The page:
Adding these categories together brings us to a total of R1,508.7 billion.


A normal household will choose to invest primarily to create additional income and assets in the future. In the same way, the government spends some of its budget on things which should increase revenue in the future primarily through economic growth. We allocated the full Economic Development budget of R211.5 billion to the Investing category.

Interest on Debt

This was simply the published predicted Debt Costs Service of R229.3 billion.

Making sense of the numbers

In order to get a grip on these big numbers, we recalculated all the spending items to be relative to the simpler household income of R100,000.

There are a few interesting observations we can see from this picture now. The most startling is that this household is spending over R23,000 more this year than it is earning. The other troubling observation is that this household is not paying off any of its debt. In fact, because the household is spending more than it’s earning, it is actually increasing its debt this year.  

At this stage, a financial advisor for this household would be quite worried about the situation and words like “debt spiral” may start to be thrown around. For those who don’t know, a debt spiral can start when a person has borrowed so much money that the interest owed on that debt becomes so high that the person has to borrow even more to survive. This further increases the interest cost, making the problem worse, so even more debt is needed and so on. It normally doesn’t end well.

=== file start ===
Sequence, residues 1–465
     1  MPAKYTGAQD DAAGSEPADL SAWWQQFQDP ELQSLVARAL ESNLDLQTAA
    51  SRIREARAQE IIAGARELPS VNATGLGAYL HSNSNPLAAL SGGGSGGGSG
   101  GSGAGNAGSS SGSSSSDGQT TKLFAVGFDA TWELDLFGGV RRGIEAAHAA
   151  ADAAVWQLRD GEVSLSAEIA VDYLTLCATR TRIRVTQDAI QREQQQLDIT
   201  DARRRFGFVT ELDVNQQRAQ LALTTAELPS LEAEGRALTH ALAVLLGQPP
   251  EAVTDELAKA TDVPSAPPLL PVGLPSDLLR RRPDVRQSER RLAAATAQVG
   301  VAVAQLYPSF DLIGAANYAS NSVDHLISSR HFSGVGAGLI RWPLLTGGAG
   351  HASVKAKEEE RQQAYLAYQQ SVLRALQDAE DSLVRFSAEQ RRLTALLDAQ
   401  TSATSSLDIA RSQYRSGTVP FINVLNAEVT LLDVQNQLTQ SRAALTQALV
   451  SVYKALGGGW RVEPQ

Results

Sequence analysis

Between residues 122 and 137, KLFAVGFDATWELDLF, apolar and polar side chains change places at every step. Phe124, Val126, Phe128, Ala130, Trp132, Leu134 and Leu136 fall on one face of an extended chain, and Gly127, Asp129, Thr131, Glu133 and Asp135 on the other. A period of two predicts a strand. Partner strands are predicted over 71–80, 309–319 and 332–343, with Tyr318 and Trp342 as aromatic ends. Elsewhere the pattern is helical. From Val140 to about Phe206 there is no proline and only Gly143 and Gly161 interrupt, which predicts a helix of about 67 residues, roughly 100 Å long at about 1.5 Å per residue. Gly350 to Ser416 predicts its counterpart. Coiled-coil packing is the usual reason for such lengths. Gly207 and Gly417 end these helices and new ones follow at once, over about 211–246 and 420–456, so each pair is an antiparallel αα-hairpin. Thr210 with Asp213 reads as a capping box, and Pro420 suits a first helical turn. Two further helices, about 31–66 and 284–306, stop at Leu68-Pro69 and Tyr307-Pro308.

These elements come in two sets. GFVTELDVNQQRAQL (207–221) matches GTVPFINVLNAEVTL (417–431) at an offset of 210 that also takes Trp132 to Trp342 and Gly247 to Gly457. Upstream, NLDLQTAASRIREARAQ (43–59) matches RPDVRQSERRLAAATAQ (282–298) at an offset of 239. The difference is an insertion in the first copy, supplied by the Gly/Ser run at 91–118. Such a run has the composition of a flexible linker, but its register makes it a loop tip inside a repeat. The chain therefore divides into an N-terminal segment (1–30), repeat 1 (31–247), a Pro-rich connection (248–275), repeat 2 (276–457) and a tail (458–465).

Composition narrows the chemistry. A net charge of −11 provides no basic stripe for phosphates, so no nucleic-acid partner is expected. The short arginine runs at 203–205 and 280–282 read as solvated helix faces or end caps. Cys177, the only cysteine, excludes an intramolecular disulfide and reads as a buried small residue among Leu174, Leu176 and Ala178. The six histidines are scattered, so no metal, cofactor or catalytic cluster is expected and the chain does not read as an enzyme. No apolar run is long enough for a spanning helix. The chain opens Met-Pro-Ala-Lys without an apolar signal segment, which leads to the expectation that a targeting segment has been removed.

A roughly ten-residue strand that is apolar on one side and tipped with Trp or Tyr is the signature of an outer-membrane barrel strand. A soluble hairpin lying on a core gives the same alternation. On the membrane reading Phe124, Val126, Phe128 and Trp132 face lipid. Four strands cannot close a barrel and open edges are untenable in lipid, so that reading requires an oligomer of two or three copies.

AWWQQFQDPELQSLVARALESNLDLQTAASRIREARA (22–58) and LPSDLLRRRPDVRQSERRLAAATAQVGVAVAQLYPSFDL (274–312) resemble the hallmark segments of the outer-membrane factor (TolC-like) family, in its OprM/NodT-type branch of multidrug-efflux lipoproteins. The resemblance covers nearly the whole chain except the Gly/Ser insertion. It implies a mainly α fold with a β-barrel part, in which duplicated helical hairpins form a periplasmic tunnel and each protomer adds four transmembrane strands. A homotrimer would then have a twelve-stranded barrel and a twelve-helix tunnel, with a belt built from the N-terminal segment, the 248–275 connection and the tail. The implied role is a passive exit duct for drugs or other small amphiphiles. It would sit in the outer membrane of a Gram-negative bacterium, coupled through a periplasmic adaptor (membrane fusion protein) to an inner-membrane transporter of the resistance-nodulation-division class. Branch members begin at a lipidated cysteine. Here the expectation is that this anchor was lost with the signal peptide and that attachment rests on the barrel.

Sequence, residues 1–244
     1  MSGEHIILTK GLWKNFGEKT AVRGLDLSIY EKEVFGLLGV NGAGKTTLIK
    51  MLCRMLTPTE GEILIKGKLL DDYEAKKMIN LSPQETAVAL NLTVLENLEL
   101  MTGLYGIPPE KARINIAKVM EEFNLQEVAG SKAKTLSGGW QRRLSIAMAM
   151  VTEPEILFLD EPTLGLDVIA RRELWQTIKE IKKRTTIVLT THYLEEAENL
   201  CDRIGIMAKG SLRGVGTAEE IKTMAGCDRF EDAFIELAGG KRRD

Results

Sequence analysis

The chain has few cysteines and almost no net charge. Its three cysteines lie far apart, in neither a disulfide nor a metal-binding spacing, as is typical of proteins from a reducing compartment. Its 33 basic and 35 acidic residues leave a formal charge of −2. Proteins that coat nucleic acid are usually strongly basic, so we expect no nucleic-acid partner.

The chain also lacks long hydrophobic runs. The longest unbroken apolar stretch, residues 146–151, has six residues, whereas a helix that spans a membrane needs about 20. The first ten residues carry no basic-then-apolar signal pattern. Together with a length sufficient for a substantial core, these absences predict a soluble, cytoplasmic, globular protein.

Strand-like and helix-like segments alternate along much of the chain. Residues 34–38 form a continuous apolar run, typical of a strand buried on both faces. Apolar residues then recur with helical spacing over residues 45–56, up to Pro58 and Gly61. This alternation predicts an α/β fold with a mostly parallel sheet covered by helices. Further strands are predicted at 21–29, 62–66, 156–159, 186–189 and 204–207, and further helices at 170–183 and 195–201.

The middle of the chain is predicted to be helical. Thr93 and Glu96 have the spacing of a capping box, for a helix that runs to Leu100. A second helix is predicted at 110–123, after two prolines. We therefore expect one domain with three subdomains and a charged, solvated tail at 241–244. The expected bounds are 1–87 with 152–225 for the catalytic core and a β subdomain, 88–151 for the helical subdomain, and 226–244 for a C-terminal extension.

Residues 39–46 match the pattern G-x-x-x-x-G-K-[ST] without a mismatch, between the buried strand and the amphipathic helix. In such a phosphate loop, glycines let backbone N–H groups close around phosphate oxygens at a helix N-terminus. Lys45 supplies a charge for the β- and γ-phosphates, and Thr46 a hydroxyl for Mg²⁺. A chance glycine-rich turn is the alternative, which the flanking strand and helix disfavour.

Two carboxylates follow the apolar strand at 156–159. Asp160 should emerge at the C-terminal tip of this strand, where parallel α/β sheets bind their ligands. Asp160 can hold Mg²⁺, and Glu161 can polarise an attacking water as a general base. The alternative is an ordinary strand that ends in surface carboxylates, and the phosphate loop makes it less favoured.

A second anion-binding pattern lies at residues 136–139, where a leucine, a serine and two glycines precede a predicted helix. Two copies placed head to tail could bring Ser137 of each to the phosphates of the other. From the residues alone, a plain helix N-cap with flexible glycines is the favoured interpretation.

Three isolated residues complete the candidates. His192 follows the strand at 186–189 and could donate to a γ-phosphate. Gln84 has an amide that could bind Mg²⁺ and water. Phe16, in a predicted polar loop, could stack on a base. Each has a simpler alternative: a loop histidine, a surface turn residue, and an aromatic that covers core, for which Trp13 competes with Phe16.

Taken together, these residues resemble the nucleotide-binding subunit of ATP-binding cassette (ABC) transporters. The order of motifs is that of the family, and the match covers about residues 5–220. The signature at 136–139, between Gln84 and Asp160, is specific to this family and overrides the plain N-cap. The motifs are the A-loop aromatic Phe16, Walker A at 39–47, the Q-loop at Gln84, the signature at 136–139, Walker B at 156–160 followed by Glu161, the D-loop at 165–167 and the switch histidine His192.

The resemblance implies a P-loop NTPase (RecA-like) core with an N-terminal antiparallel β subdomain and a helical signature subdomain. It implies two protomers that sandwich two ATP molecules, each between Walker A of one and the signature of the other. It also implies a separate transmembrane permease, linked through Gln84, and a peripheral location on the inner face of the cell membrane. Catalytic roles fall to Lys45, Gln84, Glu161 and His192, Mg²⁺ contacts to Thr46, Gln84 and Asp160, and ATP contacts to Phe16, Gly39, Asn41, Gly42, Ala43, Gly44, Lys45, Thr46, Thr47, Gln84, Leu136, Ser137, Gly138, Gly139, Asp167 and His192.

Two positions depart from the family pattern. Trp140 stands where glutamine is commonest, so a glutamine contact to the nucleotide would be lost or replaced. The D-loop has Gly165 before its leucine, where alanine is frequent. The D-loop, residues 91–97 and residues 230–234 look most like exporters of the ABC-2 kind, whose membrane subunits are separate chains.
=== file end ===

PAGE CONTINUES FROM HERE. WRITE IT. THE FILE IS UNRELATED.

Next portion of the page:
To illustrate this point, in the last financial year this same household spent R21,500 more than it earned in income – which was added to the debt pile. This increased debt meant that the household will have to spend R14,477 on interest this year, compared to R13,500 in the previous year.  

Looking a year ahead, with the growing debt from the debt spiral, this household can expect to spend R15,360 on interest payments (from R100,000 income earned) which is again another R900 growth on interest costs from the previous year.  

How do we turn the tide?

If this was a normal household, there are a number of interventions which would need to be put in place immediately. We’re going to make the assumption that the South African government can’t go into debt rescue, and will want to pay back its debts in full.

Step 1